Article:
Jun 28, 2018

Understanding a Generation of Broken Promises


Much of our research with private schools and colleges is littered with references of parents who are controlling, anxious, and overly involved in their children’s lives.  They often have very high expectations for service and also expect to be involved in detailed school or college decisions and the communication about them.  Their behavior almost seems bizarre to experienced school or college administrators and beyond the norm of traditional parenting. 

But, if you examine their behavior from an historical context, in light of generational trends, it makes complete sense.  I call this current and upcoming chapter of consumers “The Generation of Broken Promises”.  This is a generation that has witnessed first-hand the downfall of major American institutions.  Think about it for a minute.

  • From an education perspective, they were told to go to a great school and college and your life would be set with plenty of good jobs and income. Then came the global economic crisis and all of those bets were off. The overall role and value of education is currently under review in popular culture.

  • From a financial perspective, they were told to invest wisely in traditional retirement programs and trust banks and employers, Then came the financial crisis and with it the loss of great wealth and a long-term change in the average age of retirement.

  • From a housing perspective, they were told to buy a big house as it was always a great investment. Then came the housing and lending debacle and the fall of big banking.

  • From a safety perspective, they were told we would never have a terrorist attack on American soil and that we were always safe in our country. Then came the 911 attacks and mass shootings in their schools and movie theaters.

  • From a religious perspective, many were raised in a faith tradition and expected to do the same with their own children. Then came the downfall of many churches, with mainline denominations struggling to stay above water, and crisis in the Catholic Church.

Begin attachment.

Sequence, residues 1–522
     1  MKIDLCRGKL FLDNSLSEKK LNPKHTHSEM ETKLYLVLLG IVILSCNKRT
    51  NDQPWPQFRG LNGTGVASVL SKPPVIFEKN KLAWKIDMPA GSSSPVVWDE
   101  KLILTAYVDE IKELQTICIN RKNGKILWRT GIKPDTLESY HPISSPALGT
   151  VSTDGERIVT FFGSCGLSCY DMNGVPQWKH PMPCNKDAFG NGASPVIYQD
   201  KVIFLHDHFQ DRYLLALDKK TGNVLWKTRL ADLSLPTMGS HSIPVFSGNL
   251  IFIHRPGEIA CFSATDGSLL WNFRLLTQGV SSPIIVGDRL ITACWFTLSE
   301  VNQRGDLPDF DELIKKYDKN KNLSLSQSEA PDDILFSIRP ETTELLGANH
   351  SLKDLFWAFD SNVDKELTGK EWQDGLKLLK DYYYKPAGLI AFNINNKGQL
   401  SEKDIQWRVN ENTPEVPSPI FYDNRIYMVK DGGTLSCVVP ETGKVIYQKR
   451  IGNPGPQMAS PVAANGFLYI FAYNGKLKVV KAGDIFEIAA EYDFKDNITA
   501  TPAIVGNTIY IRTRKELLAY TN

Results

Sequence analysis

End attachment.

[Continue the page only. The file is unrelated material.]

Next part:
The list of broken promises could go on and on, but the reality is that this generation of young parents and young adults have been conditioned to not trust bureaucratic organizations and the grown ups in charge of them.  At nearly every turn, their life has been disrupted by harsh realities that have never been experienced by previous generations, and the adults in charge were always one step behind.  

Is it any wonder why they respond with greater anxiety, control, and need for information and input on decision-making?  

At their very core, they have trust issues.  They are still working on trusting that this investment will pay off.

And, they are seeking investments that will endure in this new normal.  In a world where so much has failed, they look to private education as a potential safe bet, but they still have their reservations.  

So, while it is easy to get impatient or frustrated with their behavior, try to place it into a little bit of historical context.  And, learn to work with them, providing new avenues for input, discussion, dialogue, and result with sharpened communications.  I don’t know if this is the new normal in private education, but I think it is the norm for awhile.  As an industry, we might be wise to use this opportunity to become more client-focused, sensitive, and better at communicating, which happen to be some of our own weak spots. 

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